Page last updated at 22:21 GMT, Friday, 12 December 2008

Blagojevich faces removal attempt

Rod Blagojevich on 10/12/08
Rod Blagojevich says he believes he has done nothing wrong

The attorney general of Illinois has filed a lawsuit asking the US state's top court declare Governor Rod Blagojevich "unfit to serve".

Mr Blagojevich was arrested on Tuesday for allegedly trying to "sell" Barack Obama's Illinois Senate seat.

He denies the charges but the perceived abuse of his role has led to calls for him to stand down.

Mr Obama, the US president-elect, has said he is "appalled and disappointed" by Mr Blagojevich's alleged actions.

"In light of his arrest in the filing of the criminal complaint, Governor Blagojevich can no longer fulfil his official duties with any legitimacy," said Illinois Attorney General Lisa Madigan, announcing her decision to file a complaint to the Illinois Supreme Court.

"I recognise that this is an extraordinary request, but these are extraordinary circumstances," she added.


On Tuesday, federal investigators, who had been working on a case against Mr Blagojevich for several years, charged him with a number of offences including soliciting a bribe.

The charges relate to a variety of corruption schemes in which the governor was allegedly involved, including so-called "pay to play" deals - the doling out of jobs, contracts and appointments in return for campaign contributions.

Federal agents say Mr Blagojevich
Tried to obtain campaign contributions in exchange for official actions;
Tried to use state funds for the private purpose of inducing the Tribune Company to fire Chicago Tribune editorial board members critical of him;
Tried to obtain personal financial benefits for himself in return for his appointment of a US senator

The US Attorney's Office released a 76-page FBI affidavit on Tuesday detailing the charges against Mr Blagojevich, which includes transcripts of his telephone conversations intercepted by court-authorised wiretaps over several weeks.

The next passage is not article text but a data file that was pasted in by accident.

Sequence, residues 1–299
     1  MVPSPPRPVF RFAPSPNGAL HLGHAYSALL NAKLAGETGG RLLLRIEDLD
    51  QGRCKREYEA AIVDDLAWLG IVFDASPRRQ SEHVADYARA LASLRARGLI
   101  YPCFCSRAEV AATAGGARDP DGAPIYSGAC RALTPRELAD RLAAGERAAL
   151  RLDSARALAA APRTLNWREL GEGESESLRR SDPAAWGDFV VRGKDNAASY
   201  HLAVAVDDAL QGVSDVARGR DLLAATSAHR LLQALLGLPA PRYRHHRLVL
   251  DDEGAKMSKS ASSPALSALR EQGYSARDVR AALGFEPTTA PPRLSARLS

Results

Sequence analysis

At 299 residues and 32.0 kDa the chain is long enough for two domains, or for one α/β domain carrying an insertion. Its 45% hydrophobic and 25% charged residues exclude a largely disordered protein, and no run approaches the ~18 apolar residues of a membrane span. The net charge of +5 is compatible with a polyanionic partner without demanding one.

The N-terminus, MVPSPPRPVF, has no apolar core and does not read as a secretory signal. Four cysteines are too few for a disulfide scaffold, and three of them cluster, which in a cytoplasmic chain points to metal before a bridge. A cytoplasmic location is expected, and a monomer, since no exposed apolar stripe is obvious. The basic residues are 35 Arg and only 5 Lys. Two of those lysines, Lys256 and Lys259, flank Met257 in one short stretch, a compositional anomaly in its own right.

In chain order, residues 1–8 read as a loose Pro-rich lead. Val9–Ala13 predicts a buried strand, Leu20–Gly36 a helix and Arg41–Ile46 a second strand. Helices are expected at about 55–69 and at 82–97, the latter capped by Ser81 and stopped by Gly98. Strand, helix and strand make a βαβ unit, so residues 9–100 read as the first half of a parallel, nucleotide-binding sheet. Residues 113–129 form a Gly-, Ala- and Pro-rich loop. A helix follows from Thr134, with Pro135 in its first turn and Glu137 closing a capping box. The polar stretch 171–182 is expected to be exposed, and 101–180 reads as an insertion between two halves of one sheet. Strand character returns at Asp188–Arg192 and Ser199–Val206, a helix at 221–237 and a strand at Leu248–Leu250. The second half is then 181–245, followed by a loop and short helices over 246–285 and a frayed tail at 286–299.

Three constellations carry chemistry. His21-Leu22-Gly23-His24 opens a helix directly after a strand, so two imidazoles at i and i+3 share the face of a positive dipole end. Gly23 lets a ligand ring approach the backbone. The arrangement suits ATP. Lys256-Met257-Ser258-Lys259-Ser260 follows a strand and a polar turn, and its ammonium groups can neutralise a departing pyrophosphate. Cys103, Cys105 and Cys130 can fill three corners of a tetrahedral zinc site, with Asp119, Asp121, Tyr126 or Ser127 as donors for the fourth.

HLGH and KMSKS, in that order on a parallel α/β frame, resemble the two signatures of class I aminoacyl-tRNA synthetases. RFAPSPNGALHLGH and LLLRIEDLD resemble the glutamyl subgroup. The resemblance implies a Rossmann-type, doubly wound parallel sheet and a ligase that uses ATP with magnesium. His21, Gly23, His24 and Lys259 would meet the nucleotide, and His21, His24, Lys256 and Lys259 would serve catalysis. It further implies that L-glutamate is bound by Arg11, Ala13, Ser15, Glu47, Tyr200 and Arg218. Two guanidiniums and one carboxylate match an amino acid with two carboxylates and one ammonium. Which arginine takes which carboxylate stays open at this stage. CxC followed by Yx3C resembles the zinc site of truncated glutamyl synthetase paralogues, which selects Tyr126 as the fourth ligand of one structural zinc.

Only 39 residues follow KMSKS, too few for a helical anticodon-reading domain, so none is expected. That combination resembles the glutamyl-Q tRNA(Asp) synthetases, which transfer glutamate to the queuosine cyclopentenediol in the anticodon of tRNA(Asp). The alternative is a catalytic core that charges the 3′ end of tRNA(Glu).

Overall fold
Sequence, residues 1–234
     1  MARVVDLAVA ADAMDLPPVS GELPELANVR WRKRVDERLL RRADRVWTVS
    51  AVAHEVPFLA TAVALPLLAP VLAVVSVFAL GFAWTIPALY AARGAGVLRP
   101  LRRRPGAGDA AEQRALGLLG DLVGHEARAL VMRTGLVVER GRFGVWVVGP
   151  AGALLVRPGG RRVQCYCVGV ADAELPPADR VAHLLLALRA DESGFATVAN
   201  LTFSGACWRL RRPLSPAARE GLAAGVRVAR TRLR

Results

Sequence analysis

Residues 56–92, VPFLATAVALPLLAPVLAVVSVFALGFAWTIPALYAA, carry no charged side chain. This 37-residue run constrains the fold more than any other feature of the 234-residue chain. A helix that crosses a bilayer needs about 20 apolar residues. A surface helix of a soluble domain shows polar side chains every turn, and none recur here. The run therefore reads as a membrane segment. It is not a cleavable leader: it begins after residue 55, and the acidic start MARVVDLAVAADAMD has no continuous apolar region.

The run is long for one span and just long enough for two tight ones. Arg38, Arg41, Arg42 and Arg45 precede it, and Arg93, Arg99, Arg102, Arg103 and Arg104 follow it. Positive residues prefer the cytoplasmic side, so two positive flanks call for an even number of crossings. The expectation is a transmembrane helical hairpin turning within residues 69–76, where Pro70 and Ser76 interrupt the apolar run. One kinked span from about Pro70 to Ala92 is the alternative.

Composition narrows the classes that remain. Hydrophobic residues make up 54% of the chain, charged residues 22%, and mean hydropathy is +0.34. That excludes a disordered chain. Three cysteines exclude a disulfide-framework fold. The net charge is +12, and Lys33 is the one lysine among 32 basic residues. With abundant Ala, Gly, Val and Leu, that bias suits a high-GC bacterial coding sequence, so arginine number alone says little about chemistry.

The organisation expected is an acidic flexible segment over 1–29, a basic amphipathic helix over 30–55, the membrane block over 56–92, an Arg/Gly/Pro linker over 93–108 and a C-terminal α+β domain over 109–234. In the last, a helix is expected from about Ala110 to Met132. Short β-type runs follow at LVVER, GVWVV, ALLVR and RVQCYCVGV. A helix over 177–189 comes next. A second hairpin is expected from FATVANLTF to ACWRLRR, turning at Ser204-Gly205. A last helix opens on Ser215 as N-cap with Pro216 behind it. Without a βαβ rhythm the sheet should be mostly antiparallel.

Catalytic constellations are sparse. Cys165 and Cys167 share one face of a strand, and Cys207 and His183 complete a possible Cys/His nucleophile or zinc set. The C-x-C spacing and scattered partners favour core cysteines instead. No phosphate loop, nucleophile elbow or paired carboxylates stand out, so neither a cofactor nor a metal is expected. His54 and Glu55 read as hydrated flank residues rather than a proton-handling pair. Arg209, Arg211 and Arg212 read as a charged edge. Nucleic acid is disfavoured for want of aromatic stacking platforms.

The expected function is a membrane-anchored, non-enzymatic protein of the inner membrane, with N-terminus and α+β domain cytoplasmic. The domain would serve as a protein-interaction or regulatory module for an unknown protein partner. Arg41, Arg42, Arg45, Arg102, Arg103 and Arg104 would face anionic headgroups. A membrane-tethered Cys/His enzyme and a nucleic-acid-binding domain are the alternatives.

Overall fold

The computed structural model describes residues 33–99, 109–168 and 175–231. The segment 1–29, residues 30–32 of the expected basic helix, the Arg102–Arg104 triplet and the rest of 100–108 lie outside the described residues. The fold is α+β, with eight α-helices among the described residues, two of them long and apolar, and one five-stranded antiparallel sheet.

In the conversations, the Democratic governor allegedly discussed offering Mr Obama's Senate seat in return for a well-paid position at a non-profit organisation or a group affiliated with trades unions, according to the affidavit.

As governor, Mr Blagojevich has the sole authority to pick Mr Obama's temporary successor as senator until an election is held.

In the transcripts, on 3 November Mr Blagojevich said the seat was a "[expletive] valuable thing, you just don't give it away for nothing".

The day after the presidential election, according to the affidavit, Mr Blagojevich was recorded as saying: "I've got this thing and it's [expletive] golden, and uh, uh, I'm just not giving it up for [expletive] nothing."


Mr Obama said on Thursday he had not discussed his vacant Senate seat with Mr Blagojevich and was confident that nobody on his staff had either.

He promised to release shortly a record of any contacts with the governor's office regarding the vacancy.

"Let me say that this Senate seat does not belong to any politician to trade - it belongs to the people of Illinois and they deserve the best possible representation," he told reporters in Chicago.

Mr Obama's Chief of Staff Rahm Emanuel, who, like the president-elect and Mr Blagojevich, has his political roots in Illinois, is not a target of the FBI's investigation, officials said.

Mr Blagojevich caused outrage by returning to work on Wednesday, a day after he was released on bail having appeared before a federal judge.

His lawyer told reporters that Mr Blagojevich believed he had done nothing wrong and had no plans to resign.

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